There are MANY method, technique and etude books to choose from, but, if you are compiling and building a personal library I would recommend these as a STARTING POINT, as each has something different to offer:


Pares Scales for Clarinet
Demnitz - Fundamental Scale and Chord Studies
Klose - Celebrated Method (complete version)
Kroepsch - 416 Studies (Book 1)
Rose - 40 Studies
Rose - 32 Etudes
Kell - Clarinet Staccato From The Beginning
Kell - 17 Staccato Studies
Polatschek - 12 Etudes For Clarinet
Voxman - Classical Studies for Clarinet (Bach, Handel)
Cavallini - 30 Caprices
Baermann III
Arban's Complete Conservatory Method for Trumpet

I also highly recommend the very comprehensive and well thought out Russianoff Clarinet Method (Books 1 and 2), but, unfortunately, it is long out of print. (keep an eye out for it at used book sites or eBay). It is one of the FEW (if not the only) method that stresses exercises, scales, technique, clarinet fundamentals, etc... and relates it to specific solo and orchestral repertoire. This is one method book which the clarinet community needs back in print.

Note: I have not included any solos, duets or orchestral literature, because they should be geared to your level of proficiency and experience, but they ARE very important aspects to the learning and mastery of the clarinet.


 Re: practice routine
Author: clarinet87 
Date:   2005-05-28 03:14

Arban's Complete Conservatory Method for Trumpet? Just curious, but why would someone learning clarinet need a method book for trumpet?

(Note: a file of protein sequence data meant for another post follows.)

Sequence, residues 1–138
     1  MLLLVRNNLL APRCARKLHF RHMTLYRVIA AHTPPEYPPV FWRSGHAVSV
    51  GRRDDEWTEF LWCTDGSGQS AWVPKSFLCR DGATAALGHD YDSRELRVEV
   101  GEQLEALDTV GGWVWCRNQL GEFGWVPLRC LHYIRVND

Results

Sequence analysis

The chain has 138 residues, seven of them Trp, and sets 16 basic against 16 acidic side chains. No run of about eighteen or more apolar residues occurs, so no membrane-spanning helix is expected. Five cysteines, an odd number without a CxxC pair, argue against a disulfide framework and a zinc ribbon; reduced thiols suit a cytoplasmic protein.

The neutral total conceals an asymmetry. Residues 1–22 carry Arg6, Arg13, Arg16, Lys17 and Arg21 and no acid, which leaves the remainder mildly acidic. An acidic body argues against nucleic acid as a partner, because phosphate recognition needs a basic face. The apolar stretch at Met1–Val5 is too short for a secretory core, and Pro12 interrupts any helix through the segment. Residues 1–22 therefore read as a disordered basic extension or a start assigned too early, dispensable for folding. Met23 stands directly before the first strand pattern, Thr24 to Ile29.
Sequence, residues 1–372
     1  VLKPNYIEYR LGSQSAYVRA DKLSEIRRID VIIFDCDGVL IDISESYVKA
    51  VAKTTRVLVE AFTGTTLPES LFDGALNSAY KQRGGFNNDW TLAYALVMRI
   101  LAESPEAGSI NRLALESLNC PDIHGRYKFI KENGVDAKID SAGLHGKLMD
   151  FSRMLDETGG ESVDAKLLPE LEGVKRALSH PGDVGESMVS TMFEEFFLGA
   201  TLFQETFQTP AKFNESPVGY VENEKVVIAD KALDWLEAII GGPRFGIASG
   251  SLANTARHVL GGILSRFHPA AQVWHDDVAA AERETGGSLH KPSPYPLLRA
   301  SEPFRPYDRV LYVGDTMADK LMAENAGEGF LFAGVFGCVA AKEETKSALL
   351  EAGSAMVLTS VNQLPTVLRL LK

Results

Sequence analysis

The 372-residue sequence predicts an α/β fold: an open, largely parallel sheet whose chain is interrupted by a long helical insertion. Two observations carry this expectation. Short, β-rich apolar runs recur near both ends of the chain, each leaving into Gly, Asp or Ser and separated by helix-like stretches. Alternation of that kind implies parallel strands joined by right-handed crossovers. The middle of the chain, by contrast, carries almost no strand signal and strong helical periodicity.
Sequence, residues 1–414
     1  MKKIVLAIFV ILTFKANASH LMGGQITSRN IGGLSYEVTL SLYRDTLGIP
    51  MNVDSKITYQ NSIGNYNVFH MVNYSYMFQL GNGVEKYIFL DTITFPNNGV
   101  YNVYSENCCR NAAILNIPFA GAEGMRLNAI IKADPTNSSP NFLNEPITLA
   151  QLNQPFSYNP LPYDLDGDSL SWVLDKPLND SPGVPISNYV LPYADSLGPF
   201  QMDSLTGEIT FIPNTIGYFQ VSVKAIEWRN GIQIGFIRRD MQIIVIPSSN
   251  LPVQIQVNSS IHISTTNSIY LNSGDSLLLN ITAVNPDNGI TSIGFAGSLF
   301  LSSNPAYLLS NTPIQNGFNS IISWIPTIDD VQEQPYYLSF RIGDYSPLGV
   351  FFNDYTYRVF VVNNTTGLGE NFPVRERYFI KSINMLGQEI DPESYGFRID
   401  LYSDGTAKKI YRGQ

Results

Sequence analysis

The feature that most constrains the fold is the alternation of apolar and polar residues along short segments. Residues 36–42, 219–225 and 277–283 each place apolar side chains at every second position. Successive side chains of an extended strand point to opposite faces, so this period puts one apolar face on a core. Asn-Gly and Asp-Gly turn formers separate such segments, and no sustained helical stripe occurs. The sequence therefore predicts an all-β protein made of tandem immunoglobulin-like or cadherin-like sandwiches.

Re: practice routine
Author: Tom A 
Date:   2005-05-28 03:29


But why would someone learning clarinet need a method book for trumpet?

This has been raised a couple of times before. I remember this thread as it came up in my earliest days reading this BB.


 Re: practice routine
Author: GBK 
Date:   2005-05-28 03:30

clarinet87 wrote:

> Arban's Complete Conservatory Method for Trumpet? Just
> curious, but why would someone learning clarinet need a method
> book for trumpet?

As I had written previously:

The Arban Complete Conservatory Method For Trumpet is the rough equivalent of what the Klosé Method is for clarinet.

Since I began incorporating the Arban Method into my student's studies, I have seen a substantial growth in their playing. Tonguing speed has increased (my students cannot double tongue - but their single tonguing is now definitely quicker), scale facility has greatly improved (as Arban has numerous scale patterns and drills to choose from), and sight reading is markedly more secure (Arban has 150 short phrasing/sightreading melodies taken primarily from operas).

One nice feature of the Arban book is that all the exercises, melodies, duets, themes and variations, etc... all lie (for the most part) between C4 and C6, thus the student gets to build technical skills in the most used clarinet register.